A new tri-governmental board created to advise Salt Lake County's Salt Palace and Fine Arts Division may begin holding meetings next week despite the Salt Lake City Council's inability to agree on its board representatives.
The city also has not paid its portion of the division's operations subsidy, which is being jointly underwritten by the county, city and state. And if some assurance of city payment doesn't come soon, the division could face budgeting difficulties, said county commission Chairman Bart Barker.An interlocal agreement signed by the three governments in June calls for them to jointly subsidize the operations of the county's fine arts facilities - Symphony Hall, the Capitol Theater and the Salt Lake Arts Center - at a maximum of $1.275 million annually.
For 1988 each government entity has agreed to contribute $335,000 to the subsidy. The county and state have already paid their portions.
The agreement also allows each government to appoint three representatives to a nine-member board that will advise the Salt Palace and Fine Arts Division on policy.
While the county and state have confirmed board representatives, the city has been unable to settle on its members. The City Council rejected Mayor Palmer DePaulis' three nominees last month.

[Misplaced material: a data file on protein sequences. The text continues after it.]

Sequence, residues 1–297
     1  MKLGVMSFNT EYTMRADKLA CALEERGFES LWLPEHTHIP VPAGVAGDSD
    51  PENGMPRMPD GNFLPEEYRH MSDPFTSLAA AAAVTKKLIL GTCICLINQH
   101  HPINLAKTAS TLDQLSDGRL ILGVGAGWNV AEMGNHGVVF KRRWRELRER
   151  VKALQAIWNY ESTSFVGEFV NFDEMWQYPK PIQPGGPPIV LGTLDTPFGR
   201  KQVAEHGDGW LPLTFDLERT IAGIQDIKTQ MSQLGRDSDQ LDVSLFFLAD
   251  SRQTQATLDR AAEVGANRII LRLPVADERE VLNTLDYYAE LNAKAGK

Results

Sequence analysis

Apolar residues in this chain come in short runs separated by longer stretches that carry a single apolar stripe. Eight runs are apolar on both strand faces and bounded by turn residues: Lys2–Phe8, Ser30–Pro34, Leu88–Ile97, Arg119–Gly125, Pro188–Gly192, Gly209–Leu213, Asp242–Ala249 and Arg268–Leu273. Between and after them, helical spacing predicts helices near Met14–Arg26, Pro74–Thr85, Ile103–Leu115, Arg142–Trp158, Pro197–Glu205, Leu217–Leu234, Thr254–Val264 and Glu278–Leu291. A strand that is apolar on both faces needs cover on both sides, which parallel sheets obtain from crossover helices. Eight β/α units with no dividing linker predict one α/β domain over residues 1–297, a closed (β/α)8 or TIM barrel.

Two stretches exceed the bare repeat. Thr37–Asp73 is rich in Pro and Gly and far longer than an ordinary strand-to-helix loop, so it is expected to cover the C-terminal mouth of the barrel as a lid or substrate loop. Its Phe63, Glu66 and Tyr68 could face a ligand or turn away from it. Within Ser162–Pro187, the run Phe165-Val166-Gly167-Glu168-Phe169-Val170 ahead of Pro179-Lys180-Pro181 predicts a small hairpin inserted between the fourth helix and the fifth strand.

DePaulis has designated Nancy Boskoff, the Salt Lake City Arts Council director, as his liaison to the board. The city has also asked that the board not conduct business until its representatives are named, but it gave no indication when the appointments will come.
The initial meeting of the new advisory board is scheduled for next week, and if the six county and state representatives are present, the board would have a quorum even if the city's appointees have not been named.
County officials are reluctant to delay the meeting despite the city's lack of board representation. A former advisory board, with members appointed only by the county, has been dissolved, and the new board needs to begin conducting business so it can review the division's budget for the new fiscal year, beginning Jan. 1.